Wednesday, 24 June 2009

Carding a rainbow

With a few spare hours to myself last night, I busied myself with this:

These aren't complete, but they're the beginnings of some colour experiments. I'd done the initial trials with hand carders and wasn't happy with the result. Having only used the drum carder to process raw fleeces rather than blending before, I've concluded that the drum carder really does make blending easier, faster and more effective.

I won't be continuing with this tonight, as I'll spend the evening travelling up to a hotel in preparation for a seminar up north tomorrow. So instead, I'll take my trusty Little Gem wheel, and this:

It looks grey in the photo, but this is coal black-dyed silk cap.

What else do you do with an evening alone in a hotel, other than spin?

No decisions on the further training ideas as yet. The ideas are still spinning in my head. I want to do something because I'm always keen to have a qualification in my interests, but I've not yet fopund something that's a firm fit.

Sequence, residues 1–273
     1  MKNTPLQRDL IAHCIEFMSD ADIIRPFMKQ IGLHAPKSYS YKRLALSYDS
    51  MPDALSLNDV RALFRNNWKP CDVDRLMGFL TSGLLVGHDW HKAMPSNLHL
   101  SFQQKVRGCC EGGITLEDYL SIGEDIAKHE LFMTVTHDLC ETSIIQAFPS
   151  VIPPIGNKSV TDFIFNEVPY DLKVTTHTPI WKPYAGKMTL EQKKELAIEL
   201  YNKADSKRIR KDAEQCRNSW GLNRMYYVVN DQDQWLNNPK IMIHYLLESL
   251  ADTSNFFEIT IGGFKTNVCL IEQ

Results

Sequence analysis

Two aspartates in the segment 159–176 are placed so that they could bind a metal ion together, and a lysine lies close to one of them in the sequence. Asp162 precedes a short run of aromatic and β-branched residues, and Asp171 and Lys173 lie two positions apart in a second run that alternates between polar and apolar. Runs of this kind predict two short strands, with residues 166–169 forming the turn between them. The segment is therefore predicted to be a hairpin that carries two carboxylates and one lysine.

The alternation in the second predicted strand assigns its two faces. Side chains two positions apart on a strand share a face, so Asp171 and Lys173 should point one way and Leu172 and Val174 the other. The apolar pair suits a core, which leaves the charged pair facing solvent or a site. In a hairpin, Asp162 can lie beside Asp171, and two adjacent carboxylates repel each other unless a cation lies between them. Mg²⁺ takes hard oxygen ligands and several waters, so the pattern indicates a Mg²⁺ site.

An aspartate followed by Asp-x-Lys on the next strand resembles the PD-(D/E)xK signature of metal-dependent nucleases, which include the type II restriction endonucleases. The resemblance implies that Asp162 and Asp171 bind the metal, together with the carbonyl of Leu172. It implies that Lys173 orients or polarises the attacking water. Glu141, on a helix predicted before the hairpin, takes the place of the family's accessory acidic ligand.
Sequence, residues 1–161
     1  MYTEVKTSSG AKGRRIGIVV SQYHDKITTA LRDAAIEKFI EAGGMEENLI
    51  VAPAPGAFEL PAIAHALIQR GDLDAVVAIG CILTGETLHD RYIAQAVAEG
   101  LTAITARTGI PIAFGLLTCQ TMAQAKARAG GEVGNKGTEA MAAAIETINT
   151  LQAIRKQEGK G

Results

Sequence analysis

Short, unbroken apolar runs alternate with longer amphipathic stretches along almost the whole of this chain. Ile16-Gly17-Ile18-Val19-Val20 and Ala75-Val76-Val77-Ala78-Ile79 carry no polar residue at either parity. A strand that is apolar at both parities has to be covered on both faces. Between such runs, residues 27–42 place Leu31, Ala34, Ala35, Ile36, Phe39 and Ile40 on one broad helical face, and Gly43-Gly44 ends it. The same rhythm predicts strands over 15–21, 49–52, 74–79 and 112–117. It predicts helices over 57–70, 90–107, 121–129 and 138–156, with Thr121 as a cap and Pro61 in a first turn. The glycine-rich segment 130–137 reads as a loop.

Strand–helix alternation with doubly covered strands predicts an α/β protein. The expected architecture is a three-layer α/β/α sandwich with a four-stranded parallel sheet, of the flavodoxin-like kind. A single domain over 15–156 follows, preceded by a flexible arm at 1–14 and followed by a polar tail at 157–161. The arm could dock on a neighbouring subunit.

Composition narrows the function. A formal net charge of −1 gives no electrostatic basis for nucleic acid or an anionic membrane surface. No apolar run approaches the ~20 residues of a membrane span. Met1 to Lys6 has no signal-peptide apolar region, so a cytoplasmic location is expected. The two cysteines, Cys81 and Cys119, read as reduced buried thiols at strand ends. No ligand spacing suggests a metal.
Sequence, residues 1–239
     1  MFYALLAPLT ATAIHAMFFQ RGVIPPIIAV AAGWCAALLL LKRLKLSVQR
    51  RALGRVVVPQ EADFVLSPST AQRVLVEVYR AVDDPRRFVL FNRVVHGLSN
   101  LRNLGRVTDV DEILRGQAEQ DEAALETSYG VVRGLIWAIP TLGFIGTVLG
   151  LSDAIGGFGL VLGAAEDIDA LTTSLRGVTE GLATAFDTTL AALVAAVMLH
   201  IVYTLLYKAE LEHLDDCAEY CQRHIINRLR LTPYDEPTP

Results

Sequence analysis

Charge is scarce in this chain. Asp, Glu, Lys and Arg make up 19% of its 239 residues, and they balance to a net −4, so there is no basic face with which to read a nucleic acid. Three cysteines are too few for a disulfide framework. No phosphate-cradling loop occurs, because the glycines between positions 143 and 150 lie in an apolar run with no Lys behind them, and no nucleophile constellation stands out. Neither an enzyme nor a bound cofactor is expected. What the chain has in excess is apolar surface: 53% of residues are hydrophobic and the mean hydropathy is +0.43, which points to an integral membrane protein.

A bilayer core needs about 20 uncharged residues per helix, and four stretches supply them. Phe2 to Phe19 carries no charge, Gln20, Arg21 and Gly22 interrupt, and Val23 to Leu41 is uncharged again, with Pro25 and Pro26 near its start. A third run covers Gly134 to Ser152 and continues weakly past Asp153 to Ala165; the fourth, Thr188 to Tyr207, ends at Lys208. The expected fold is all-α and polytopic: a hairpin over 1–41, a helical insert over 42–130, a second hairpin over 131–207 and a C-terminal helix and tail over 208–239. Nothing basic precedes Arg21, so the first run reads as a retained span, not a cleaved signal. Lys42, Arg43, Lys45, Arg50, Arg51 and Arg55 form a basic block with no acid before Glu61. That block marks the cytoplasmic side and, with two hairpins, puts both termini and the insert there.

1. Sorry, sorry, sorry... the top pic looked like the case in a sorbet shop. I'm still thinking about my reaction to your last post, as I have been thinking of the same, but somewhere on these isles... Or perhaps by correspondence with an Australian school.

  2. It does, doesn't it?! I've been working very hard on making it look less like a sorbet shop, because sorbet is not a colour spectrum I really do.

    It's not entirely in the spirit of the challenge (take these three lurid colours and make something useable out of it), but I took some of the roving and dyed them a couple of dark colours. It made me much happier.

    I do know what you mean about the speculations, Meg - there's nothing like a form of guided study and a piece of paper at the end. I've also thought long and hard about the weavers/master weavers certificate, done through the Ontario Spinners and Weavers.